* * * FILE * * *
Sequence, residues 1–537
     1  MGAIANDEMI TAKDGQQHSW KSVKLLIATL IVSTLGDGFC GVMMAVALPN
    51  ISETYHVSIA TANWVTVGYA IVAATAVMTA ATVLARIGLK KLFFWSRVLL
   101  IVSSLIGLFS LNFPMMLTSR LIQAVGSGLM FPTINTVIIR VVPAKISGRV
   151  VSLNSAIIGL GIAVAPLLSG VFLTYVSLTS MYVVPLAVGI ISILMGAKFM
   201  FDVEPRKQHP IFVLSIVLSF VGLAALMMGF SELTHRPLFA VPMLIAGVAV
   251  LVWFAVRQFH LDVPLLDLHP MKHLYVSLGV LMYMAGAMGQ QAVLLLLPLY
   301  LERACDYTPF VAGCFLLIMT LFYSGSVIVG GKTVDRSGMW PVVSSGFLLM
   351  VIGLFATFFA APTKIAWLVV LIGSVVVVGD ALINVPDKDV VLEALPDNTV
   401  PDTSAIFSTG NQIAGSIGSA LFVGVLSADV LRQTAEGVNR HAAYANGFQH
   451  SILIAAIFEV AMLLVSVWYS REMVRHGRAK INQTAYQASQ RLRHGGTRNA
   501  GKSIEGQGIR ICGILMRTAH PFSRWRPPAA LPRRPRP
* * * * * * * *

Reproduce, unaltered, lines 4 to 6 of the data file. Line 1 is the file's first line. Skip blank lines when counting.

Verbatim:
   101  IVSSLIGLFS LNFPMMLTSR LIQAVGSGLM FPTINTVIIR VVPAKISGRV
   151  VSLNSAIIGL GIAVAPLLSG VFLTYVSLTS MYVVPLAVGI ISILMGAKFM
   201  FDVEPRKQHP IFVLSIVLSF VGLAALMMGF SELTHRPLFA VPMLIAGVAV